The ferry service started with just one boat and big dreams.
It's a multimillion-dollar operation with 190 employees today.
Shepler's is known as a sponsor of the Bayview Mackinac Race, which attracts more than 1,000 sailors from around the world every July. And that support will continue with the new owners, Chris Shepler said.
The buyer is David Hoffmann, 69, of Naples, Florida, who confirmed to the Free Press that he is, indeed, a "self-made" billionaire. He told of making early morning deliveries door-to-door with his milkman father in tiny Washington, Missouri.
Hoffmann didn't make the highest offer for Shepler's but he runs the Hoffmann Family of Companies with his wife, Jerri, and sons Geoff and Greg, and that appealed to the Shepler family.
The Hoffmann family runs a multibillion-dollar operation with a presence in 27 different countries, including Europe, China, Latin America and South America, Hoffmann told the Free Press. He is the biggest real estate owner in Naples, Florida, Hoffmann confirmed. His family has renovated downtown Naples, Winnetka, Illinois, on the north shore of Chicago, and Avon, Colorado, the base of Beaver Creek Ski Mountain, Hoffmann said. And their vineyard investments in Augusta, Missouri, has generated attention.
Chris Shepler described Hoffmann as warm, friendly and kind.
"He's just so nice. He's like a grandpa," Chris Shepler said. "And he just bought a company that makes all the face masks for all the football helmets, from pee wee to the NFL. He owns an oil company in Los Angeles. He owns the Princess of Naples Cruises and wineries in Augusta, Missouri. I could go on and on."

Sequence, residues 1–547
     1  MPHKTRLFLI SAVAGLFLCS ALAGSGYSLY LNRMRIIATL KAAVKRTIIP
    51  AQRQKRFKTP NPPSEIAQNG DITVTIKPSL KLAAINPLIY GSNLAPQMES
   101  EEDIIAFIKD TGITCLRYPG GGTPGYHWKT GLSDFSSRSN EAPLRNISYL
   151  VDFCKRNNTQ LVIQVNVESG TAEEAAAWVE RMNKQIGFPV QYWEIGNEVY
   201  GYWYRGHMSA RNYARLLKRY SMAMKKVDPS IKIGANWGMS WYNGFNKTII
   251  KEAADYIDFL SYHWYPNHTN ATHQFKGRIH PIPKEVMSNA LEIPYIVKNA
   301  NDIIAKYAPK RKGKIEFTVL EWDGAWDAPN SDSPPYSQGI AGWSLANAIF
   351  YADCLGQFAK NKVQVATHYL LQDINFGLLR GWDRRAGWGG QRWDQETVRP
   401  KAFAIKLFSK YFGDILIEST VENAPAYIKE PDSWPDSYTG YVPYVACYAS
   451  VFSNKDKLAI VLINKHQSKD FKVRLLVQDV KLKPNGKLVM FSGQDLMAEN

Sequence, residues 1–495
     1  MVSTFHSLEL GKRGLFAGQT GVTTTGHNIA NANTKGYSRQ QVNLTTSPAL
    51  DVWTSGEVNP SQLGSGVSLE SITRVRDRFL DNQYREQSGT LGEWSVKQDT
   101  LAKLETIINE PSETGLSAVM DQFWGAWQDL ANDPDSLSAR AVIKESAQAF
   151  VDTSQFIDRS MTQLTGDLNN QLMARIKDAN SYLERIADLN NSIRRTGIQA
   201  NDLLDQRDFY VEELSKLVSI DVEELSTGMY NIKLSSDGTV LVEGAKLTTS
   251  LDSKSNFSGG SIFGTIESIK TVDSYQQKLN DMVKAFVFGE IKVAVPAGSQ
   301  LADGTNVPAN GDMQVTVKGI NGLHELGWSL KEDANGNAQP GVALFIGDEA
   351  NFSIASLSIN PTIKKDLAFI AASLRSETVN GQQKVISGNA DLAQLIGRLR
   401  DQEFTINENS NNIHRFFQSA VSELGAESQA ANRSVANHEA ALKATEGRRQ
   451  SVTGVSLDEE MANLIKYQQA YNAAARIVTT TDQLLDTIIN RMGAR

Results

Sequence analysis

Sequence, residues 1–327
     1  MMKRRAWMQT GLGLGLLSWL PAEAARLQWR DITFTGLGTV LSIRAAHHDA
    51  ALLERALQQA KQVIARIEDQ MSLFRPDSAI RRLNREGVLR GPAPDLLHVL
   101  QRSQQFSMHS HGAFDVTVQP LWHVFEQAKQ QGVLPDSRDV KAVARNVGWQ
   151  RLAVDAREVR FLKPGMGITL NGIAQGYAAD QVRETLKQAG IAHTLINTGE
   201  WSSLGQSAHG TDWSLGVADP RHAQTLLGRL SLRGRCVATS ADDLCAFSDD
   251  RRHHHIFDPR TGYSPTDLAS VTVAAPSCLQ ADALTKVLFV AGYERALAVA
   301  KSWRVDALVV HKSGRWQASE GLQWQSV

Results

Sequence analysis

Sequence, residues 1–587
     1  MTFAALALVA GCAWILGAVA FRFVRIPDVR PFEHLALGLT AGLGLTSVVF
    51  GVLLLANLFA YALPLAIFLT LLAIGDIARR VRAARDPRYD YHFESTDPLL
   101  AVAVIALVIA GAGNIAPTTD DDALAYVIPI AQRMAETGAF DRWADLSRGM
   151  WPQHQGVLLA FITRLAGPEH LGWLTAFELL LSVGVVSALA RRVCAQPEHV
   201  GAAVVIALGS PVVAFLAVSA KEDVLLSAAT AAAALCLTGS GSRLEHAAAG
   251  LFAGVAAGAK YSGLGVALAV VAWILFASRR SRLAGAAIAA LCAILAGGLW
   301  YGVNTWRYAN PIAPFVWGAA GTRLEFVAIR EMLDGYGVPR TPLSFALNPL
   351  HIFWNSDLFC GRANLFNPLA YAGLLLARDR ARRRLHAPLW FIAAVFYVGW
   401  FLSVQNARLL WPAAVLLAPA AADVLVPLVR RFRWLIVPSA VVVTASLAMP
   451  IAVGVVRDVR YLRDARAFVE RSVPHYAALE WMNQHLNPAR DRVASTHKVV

Boats and more boats
The family also runs tour boat companies around the U.S. that offer daily public cruises and private events, including weddings. So they see a natural fit with Shepler's, plus Mackinac is beautiful, Hoffmann said.
"Chris said it best, 'It's business as usual,' " Hoffmann said.
"We're a family business so we don't have shareholders or quarterly reports or quarterly financials to report to Wall Street," he said. "We're very much about maintaining the culture of Mackinac Island and that's what we bought into. We don't want to see that change."
Shepler's customers from Naples even talk about their loyalty, Hoffmann said.
"The first thing we look at when we buy a company is the people," he said. "Chris is going to stay on. I’m going to talk him into staying on for a long time. We’re thrilled with the management of the company and all the employees. We really don’t want anything to change. It'll be a great company for many years to come, hopefully for another 75 years."
The cost of the purchase? "It wasn't cheap, I can tell you that," Hoffmann said laughing.
Hoffmann, who grew up working the delivery route with his father, still begins his days at 3:30 or 4 a.m. They had no hot running water until his sophomore year in high school. Hoffmann married his high school sweetheart. And they've been married 50 years now and have 12 grandchildren.
He described himself as a self-made man who founded DHR International based in Chicago, one of the world's largest independently-owned executive search firms that specializes in C-suite placements and athletic matches.
The company has had a presence in Birmingham, Michigan, for years.
So this isn't Hoffmann's first big investment in Michigan.